Though English and Spanish share some grammatical structure, they are not identical. After all, they have different roots. To help you mentally prepare for the differences between languages and the structures you will need to learn Spanish, here are five tips about sentence structure.
This tip is covered in more detail in the Adjective section, but this segment will help you begin to understand the examples and to start reworking the way you think when you are studying Spanish. One of the most difficult things to keep in mind is that the adjectives come after the noun they describe. In Spanish, you don’t talk about the red apple, but the apple red. It will feel a bit like an older version of English so it won’t be entirely foreign; it’s just a matter of getting used to thinking of the noun first and then its descriptor. You will need to know the gender of the noun to use the correct version of the adjective; this will become easier as you begin to study and think in Spanish.
This is another tip we will spend time on later, but it is best to start thinking of it now so that you can retool the way you think when processing information in Spanish.
Direct objects tend to be difficult to learn in English, but once you know them they are simple in Spanish. The direct object is the object that the subject is acting upon. For example, in the sentence, “I would like a clean bathroom,” the direct object is “a clean bathroom”.
In the example sentence from earlier (Limpia el baño, por favor), el baño is the direct object. You can see that it follows the same structure as English – it follows the verb (when there is one).
You can also replace it with one of the direct object pronouns – lo and la – if the bathroom is already the topic of conversation and it is understood that it is the direct object.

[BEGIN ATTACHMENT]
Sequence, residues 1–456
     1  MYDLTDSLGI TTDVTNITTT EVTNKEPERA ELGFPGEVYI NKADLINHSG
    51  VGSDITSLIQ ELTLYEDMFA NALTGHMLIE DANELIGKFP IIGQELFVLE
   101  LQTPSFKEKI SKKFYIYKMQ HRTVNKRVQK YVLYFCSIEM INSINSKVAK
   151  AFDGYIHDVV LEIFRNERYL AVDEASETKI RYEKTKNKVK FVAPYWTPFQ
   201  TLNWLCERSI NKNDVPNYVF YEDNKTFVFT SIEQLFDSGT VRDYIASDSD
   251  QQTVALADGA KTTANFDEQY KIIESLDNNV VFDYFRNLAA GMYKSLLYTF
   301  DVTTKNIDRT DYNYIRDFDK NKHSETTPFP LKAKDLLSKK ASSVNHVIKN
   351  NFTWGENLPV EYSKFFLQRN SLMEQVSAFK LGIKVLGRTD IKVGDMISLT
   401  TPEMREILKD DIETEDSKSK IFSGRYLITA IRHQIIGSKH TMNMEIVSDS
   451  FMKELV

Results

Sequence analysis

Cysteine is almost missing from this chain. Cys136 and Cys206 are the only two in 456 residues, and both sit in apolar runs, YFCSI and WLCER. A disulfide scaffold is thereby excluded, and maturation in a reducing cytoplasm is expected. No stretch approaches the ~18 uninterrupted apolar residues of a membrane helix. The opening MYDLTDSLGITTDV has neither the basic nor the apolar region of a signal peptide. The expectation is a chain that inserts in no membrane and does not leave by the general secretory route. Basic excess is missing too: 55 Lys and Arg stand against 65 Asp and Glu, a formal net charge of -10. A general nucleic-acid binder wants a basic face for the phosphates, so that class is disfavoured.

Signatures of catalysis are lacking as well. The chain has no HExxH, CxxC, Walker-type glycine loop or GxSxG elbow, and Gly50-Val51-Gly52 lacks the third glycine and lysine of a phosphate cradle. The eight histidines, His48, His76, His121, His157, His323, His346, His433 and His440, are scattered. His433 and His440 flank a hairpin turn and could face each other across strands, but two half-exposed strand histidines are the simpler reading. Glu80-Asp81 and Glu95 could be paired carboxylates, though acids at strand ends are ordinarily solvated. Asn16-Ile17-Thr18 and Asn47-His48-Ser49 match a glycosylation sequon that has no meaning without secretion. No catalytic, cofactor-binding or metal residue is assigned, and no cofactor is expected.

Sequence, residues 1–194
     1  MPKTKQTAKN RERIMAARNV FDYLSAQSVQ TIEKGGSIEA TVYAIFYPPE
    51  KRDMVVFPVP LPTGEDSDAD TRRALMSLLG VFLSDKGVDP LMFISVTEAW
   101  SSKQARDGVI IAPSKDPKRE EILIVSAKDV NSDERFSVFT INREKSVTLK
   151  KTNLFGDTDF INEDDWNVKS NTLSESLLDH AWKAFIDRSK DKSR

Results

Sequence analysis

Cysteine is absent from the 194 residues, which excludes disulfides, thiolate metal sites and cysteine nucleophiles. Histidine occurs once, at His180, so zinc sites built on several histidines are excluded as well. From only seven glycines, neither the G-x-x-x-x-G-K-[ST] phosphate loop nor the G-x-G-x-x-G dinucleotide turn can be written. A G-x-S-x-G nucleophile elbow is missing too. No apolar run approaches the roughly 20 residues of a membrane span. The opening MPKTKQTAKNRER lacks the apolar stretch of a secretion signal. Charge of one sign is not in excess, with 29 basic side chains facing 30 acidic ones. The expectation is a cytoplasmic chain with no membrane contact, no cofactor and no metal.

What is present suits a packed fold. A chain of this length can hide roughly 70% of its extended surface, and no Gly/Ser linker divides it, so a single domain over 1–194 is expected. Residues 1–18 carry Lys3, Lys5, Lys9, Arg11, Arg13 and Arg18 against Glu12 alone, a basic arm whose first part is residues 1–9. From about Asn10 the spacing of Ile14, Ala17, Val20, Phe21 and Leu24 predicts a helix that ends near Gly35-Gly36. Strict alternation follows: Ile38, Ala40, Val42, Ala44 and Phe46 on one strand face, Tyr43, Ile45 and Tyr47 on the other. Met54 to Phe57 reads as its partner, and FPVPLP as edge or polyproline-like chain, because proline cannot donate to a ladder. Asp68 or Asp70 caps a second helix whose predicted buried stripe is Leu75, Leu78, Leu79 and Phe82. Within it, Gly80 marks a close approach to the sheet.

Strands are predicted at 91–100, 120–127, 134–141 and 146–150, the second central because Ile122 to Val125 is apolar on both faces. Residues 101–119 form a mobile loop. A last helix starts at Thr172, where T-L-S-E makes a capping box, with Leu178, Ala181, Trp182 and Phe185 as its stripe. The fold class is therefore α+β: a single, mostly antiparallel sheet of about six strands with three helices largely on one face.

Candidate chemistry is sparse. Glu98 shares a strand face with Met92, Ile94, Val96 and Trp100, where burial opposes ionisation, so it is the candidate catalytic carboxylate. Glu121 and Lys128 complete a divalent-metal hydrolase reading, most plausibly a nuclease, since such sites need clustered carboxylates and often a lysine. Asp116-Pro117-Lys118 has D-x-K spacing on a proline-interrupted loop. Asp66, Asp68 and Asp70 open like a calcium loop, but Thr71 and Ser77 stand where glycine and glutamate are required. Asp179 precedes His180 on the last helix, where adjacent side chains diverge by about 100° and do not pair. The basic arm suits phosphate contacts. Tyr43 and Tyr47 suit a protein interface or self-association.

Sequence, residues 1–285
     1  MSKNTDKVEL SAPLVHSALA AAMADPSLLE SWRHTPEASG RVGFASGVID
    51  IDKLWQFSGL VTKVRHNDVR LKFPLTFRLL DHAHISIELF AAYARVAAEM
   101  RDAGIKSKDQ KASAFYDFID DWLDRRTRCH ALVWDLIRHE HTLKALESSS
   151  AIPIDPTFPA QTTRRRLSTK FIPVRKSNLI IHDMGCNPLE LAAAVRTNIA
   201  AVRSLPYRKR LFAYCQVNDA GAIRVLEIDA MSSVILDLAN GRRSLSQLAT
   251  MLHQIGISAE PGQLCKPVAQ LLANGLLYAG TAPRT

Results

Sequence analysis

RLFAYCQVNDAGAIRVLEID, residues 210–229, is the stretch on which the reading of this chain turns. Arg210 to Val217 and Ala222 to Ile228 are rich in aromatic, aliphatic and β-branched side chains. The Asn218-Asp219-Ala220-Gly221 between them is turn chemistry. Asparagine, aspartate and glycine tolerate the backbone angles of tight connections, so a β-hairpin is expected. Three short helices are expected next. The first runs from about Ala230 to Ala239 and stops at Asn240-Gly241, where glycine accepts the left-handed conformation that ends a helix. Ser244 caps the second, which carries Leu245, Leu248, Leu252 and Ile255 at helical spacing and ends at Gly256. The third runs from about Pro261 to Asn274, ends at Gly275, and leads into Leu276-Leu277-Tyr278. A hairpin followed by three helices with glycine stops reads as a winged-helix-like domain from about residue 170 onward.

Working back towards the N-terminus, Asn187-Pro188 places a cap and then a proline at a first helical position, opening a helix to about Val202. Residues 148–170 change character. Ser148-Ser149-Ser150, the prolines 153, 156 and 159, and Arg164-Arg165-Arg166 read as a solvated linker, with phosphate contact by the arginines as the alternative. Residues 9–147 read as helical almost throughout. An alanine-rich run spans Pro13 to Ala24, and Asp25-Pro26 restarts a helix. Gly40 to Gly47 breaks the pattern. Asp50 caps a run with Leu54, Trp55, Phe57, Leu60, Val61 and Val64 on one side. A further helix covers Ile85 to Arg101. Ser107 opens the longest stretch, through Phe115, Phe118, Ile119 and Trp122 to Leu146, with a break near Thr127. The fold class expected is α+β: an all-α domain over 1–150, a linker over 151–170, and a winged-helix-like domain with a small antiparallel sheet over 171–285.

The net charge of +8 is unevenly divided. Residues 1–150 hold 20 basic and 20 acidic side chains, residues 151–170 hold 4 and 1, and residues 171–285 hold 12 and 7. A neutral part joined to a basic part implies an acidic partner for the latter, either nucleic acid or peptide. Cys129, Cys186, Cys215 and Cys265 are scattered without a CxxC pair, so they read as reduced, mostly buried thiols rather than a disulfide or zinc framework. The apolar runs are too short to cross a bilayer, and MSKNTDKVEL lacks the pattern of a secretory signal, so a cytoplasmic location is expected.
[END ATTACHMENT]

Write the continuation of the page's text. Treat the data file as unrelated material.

Límpielo, por favor.
This suggestion is probably the easiest tip, but it’s still important because you are going to be working with indirect objects too. It goes first.
No te preocupes. Don’t worry. (Literally, don’t you worry)
“Te” (you) is the indirect object.
Prepositions are always tricky because they don’t mean the same thing in any two languages, yet they manage to convey the same function as their objects.
Focus on prepositions in writing. That will give you several keys to figuring out how to use them in Spanish. There are little nuances that only native speakers know. For example, English speakers tend to say things like “on the road” and “glasses on my face.” The use of these prepositions only makes sense to someone who grew up hearing them. Listening to a Spanish-language channel on the radio and working through the propositions can help you get a better understanding of how prepositions work in Spanish and where they are placed in the different parts of the sentence they represent.
No is far more functional in Spanish than in English. It is used to create negative sentences, in the same way that English uses “not.” If you end up telling someone that you do not clean bathrooms (when what you meant was there are no clean bathrooms), you just need to repeat the sentence with “no” in there.
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